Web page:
We’re now ten weeks into our trip, and more than 50 hours of that time has been spent on a plane. With two children under five. Yet everyone is still (more or less) sane, and nobody has caused an in-flight incident.
The idea of boarding a plane with our kids in tow used to create in me a deep well of anxiety. I felt like I couldn’t get excited about a vacation until after we’d survived the commute there. Thanks to this trip, though, plane flights no longer scare me. And in our children’s hearts, they’re second only to gift-related holidays.
Here’s how we do it:
- Get out the map. A few days before we’re going to fly, we show the kids where we’re headed and talk to them about what we’ll do there. We make sure to map out our layovers, which they see not as inconveniences but as added opportunities to procure snacks.
- Get it in the bag. The children’s “treat bags” are indispensable members of our airborne team. Each child has a zippered tote with plenty of pockets. They aren’t allowed to peek inside until we’re in the air, but once they do, they know they’ll find a few new small toys (Play Doh, stickers, Matchbox cars and the like) and a handful of snacks. Their speculation over the bags’ contents gives our flying days a Christmas-morning feel.
- Watch the clock. Many travelers with young children believe it’s best to fly at night, so the kids will spend their in-flight hours in dreamland. We believe that’s generally true, with a few important footnotes. For starters, if our little angels decide not to drift off, that means we’ll be up all night, too—and unlike them, we’ll need to be coherent once we arrive at our final destination. And if our flight is broken up into medium-sized chunks, the children may not have enough uninterrupted time to catch the Zs they need. We tend to choose nighttime flights only when the middle-of-the-night leg is six hours or longer.
- Do a Disney Detox. We’ll be the first to admit it: Screens are our salvation when we’re up in the air. An iPad stocked with Disney movies can captivate our children like no other, and we want to tap into that power and ride it all the way to our final destination. But we’ve learned that the hypnotic abilities of the iPad wear off with use. To ensure the kids don’t build up an inconvenient tolerance, we cut back on the screens a few days before flying.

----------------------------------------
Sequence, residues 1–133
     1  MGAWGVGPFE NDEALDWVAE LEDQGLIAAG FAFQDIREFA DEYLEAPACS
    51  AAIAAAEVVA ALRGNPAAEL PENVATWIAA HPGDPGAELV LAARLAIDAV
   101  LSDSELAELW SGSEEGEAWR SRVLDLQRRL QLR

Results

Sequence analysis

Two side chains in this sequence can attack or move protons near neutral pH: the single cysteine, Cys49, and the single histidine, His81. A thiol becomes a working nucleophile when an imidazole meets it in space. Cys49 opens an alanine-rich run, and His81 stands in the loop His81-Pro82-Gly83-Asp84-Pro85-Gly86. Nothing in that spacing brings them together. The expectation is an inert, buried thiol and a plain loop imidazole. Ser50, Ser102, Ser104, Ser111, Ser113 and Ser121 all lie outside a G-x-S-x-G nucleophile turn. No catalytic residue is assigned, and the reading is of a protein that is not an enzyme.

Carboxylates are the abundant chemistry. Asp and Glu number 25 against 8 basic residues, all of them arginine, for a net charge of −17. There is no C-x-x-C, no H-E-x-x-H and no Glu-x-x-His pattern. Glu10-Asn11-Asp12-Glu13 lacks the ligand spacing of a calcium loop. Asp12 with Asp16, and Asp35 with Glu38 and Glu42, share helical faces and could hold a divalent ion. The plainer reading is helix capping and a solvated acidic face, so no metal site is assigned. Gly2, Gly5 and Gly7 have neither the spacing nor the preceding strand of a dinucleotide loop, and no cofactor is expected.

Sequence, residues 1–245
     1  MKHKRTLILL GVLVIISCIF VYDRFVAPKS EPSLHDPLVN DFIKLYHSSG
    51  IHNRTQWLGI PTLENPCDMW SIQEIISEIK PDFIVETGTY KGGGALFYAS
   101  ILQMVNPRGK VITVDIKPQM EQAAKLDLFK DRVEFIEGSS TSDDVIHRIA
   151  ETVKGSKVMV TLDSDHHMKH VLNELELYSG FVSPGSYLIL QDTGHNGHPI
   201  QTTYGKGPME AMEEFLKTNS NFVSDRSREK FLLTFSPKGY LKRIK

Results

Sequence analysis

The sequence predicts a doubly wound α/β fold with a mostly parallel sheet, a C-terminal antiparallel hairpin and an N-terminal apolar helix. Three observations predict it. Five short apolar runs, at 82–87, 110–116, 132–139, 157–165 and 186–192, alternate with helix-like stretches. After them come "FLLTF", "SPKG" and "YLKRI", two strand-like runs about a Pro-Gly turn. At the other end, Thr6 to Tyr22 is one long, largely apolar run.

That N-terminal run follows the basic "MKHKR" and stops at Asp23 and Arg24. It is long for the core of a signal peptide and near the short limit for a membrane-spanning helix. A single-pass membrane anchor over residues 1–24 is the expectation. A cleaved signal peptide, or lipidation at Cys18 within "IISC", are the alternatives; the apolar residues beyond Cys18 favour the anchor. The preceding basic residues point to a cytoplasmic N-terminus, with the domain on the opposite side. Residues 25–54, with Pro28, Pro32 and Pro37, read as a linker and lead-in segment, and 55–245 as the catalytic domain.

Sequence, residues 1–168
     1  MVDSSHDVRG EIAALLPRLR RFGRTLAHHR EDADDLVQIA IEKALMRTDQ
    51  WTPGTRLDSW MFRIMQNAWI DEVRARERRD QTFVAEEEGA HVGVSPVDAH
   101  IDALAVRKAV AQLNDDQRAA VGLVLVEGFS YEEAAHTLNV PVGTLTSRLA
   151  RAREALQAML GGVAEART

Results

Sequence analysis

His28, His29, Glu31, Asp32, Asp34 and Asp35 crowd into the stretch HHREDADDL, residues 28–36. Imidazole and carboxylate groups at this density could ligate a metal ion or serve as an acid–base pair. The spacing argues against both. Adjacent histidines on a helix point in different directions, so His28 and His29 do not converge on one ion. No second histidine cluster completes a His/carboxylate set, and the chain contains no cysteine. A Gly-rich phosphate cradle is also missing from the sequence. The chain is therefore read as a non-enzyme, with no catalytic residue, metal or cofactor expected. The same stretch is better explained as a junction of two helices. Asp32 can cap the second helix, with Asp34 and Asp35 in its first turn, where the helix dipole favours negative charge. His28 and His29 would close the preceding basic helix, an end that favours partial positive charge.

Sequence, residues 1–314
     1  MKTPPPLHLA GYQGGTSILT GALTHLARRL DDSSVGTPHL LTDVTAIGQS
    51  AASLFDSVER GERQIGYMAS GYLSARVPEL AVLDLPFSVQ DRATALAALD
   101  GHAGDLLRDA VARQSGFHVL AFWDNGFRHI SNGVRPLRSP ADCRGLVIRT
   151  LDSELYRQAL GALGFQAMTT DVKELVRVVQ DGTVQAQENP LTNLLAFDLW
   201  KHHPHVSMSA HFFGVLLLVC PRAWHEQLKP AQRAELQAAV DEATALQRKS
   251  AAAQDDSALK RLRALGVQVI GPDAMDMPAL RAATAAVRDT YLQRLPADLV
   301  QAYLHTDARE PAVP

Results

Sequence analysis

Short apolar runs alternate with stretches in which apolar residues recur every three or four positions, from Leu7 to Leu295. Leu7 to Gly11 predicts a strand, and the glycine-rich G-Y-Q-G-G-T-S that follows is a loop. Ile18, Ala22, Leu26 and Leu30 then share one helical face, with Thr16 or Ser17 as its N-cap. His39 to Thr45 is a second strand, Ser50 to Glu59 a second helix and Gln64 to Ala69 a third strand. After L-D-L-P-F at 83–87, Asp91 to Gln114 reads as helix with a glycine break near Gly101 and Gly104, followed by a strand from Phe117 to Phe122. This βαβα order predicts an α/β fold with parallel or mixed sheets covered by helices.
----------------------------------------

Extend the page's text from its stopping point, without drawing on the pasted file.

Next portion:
- Get the wiggles out. Sitting still for hours on end in a tiny space is hard for most grown-ups. To our two-year-old, it’s akin to torture. We find all the time we can pre-flight to let the kids move around. The day before we take off, we head to a park or a beach or someplace where the kids can run. And we make sure to seek out the indoor playgrounds most airports now have; they’re the perfect cure for last-minute wiggles.
- Bide your time. The expression “time flies” does not apply when we’re, well, flying. In no other situation do hours trudge by so slowly. Most airlines allow families with young children to board early. But this just adds another thirty minutes or so to the hours we’ll spend trying to keep peace on the plane. We wait until the last possible moment to get on the plane—unless we need to ask some kind stranger to switch seats so we can all be together. In that case, we board early and try to look as pathetic and you-do-NOT-want-to-sit-here disruptive as possible.
- Hold the goody bags. We’ve read about families who distribute treats to their seatmates as an apology for their children’s mere presence. We don’t. We do everything we can to keep our kids in check while we’re in the air. But we also remember that, as ticket holders, our kids have as much a right to be there as anyone else. Having children is part of perpetuating the human race. Children who travel usually grow up to be pretty cool adults. Everyone wins in the long run.
- Pack extras. Of everything. Extra snacks. Extra batteries. Extra clothing for the kids—and the adults whom the kids are bound to spill on. We bring it all on board.
- Pain is temporary; memories are forever. Kid-free passengers stuck next to a row of sticky children drew the short straw in the seating lottery, and we all know it. But aside from doing our best to keep the peace, there’s not a lot we can do about it. The woman in front of our two-year-old who has turned around with a sigh of exasperation six times? The guy whose patience with our four-year-old’s crayons rolling into his space is staring to wane? We will never see these people again. When the going gets rough, we repeat these words like a mantra.